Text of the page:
The normal mode produced photos with less noise than expected and the OIS gave a helping hand with keeping the images sharp with some quite slow shutter speeds. You can expect consistent performance and generally good low-light performance.
And since Oppo and OnePlus introduced their night modes almost at the same time, we couldn't help but wonder if both companies are using the same algorithm for the night stills. That's why we snapped a few night shots with the OnePlus 6T as well using its dedicated Nightscape mode.
You can definitely see some similarities in the way both phones handle night scenery yet somehow, the RX17 Pro does it better. Kudos for that.
OnePlus 6T did worse with the lights on the streets, especially the neon ones, and produced quite a bit of flare. We also noticed that it tends to oversharpen the Nightscape images quite a bit. The RX17 Pro, on the other hand, preserves more detail and offers more natural-looking lights. It tends to oversharpen things as well but in the end, it still looked more natural than the OnePlus' Nightscape.
We've also included some comparison shots from our studio in a more controlled environment. Here's how it stacks against some of the competitors.
This mode is pretty limited, aside from the available pre-applied filters in the camera menu, and it produces some questionable results. The edge detection is pretty nice even when a more complex background or hairstyle is introduced and colors were spot on. But detail is where it failed to impress. It almost feels like the beautification mode is constantly turned on although, we didn't find the off switch.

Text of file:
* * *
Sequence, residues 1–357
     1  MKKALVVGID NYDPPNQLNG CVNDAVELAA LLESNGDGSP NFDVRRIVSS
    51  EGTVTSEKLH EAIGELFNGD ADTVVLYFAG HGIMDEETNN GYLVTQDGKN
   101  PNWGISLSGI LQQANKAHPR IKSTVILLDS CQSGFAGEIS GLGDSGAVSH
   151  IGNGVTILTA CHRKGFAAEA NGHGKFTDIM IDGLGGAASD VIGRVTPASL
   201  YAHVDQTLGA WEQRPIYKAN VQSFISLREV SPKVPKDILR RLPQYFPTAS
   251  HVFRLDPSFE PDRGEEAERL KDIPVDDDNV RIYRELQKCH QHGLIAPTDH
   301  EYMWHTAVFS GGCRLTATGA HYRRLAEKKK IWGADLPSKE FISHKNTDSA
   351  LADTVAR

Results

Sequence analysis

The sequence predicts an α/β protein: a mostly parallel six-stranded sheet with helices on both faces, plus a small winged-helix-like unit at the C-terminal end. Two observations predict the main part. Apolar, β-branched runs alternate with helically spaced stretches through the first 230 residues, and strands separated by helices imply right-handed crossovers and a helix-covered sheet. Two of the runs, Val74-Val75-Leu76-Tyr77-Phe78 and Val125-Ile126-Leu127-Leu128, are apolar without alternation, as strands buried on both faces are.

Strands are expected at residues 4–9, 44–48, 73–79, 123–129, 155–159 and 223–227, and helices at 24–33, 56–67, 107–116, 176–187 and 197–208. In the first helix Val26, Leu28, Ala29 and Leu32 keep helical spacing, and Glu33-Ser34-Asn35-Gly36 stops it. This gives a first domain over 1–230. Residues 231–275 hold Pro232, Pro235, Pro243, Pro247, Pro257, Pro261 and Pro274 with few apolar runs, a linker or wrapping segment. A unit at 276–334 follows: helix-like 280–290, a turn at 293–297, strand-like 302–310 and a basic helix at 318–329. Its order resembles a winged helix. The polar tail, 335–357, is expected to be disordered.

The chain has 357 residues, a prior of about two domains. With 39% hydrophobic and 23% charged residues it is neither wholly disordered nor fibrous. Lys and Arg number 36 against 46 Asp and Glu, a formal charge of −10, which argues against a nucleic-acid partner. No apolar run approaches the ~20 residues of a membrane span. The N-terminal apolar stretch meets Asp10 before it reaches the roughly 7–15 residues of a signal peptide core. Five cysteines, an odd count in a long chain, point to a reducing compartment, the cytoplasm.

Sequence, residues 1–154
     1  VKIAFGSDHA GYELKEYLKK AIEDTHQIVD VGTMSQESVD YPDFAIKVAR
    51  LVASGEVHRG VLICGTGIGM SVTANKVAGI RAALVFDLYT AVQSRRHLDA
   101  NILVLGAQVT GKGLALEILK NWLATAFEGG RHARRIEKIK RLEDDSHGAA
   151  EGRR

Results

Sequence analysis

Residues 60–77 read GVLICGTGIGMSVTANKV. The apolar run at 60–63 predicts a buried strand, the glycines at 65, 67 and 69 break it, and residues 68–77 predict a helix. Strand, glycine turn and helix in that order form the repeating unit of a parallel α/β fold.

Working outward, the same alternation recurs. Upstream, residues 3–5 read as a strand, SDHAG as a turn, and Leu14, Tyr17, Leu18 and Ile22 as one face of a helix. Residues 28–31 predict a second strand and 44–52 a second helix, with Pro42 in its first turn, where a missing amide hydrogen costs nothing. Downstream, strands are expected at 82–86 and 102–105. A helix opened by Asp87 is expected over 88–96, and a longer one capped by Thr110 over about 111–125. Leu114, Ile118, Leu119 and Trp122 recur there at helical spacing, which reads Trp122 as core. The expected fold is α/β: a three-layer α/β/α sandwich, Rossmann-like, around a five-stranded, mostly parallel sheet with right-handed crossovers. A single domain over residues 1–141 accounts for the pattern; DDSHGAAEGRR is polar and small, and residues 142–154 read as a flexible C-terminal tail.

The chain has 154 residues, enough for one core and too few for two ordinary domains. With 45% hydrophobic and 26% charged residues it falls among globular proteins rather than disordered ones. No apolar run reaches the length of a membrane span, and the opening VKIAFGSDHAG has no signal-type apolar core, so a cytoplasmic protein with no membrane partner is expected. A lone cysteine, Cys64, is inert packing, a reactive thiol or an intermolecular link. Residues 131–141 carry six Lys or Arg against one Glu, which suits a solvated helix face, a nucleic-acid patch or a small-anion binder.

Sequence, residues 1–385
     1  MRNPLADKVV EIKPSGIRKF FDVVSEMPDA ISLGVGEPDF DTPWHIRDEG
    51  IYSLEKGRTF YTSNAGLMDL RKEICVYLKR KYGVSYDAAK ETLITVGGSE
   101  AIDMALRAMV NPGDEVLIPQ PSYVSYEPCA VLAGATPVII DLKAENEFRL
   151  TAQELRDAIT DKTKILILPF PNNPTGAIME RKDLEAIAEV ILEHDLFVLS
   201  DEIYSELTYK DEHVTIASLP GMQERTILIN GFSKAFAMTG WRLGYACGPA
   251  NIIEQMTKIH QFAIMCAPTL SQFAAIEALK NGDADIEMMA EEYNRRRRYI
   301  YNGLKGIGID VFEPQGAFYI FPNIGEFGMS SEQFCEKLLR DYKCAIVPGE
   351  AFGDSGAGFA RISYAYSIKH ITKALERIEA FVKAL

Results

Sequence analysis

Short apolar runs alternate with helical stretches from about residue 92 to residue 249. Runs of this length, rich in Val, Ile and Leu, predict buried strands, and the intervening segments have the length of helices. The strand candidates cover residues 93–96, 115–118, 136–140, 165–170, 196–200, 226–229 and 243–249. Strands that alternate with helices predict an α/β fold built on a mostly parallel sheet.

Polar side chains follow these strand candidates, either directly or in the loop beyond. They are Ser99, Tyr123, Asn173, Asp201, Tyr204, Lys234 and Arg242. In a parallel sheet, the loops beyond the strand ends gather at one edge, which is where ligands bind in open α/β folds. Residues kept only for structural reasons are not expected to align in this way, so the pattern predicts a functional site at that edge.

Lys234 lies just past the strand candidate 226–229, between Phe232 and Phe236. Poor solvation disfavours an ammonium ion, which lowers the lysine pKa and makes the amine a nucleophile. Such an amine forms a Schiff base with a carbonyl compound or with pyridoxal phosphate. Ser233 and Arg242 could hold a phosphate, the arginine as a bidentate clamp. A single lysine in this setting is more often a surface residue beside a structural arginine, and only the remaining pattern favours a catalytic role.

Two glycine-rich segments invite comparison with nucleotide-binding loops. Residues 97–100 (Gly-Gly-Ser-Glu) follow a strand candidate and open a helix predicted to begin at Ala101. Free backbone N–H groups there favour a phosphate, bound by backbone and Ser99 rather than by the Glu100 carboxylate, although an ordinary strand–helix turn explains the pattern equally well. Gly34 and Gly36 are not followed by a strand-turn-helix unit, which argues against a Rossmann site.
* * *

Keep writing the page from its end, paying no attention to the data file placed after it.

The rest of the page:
The front-facing shooter sounds pretty solid on paper but the lack of autofocus keeps us from giving it a good score. It's quite picky about the distance you are using it at and we found it to perform its best at about half a full arm's length. Colors are good and the detail is okay but since we're talking about a 25MP sensor, we'd say it leaves more to be desired. The AI appears to be softening the skin and gives it a less natural-looking color to it.
In challenging lighting scenarios, the HDR kicks in to restore the shadows while destroying everything in the background. It appears that the HDR issue is prominent across the board. Portrait shots are about average with a little more to be desired from the edge detection algorithm.
Here's how it stacks against the competition.
The device supports video recording in 4K@30fps or 1080p@30fps. Slow-motion modes are 1080p@120fps and 720p@240fps. The downside is that video settings are also pretty limited with barely any options to choose from. For example, you can't toggle on or off the EIS nor can you choose the frame rate at which you record the 1080p video. You are stuck with either 4K@30fps or 1080p@30fps. That's bit of a letdown since some users prefer 1080p videos at 60fps.
Oppo did include the option to choose between H.264 and H.265 encoding so we do give them credit for that.
The quality of the video in 1080p@30fps is generally serviceable - no hiccups, good amount of detail, vivid colors but we see the overexposing issue from the stills creeping up once again.
Naturally, the 4K mode introduces much more detail but our complaint about overblown highlights remains.
When it comes to stabilization, we are pretty certain that it doesn't work in 2160p mode, even though there's no switch for that. On the 1080p video, however, the EIS is constantly turned on and works great.
Here are some screenshots from our lab video samples compared to other models.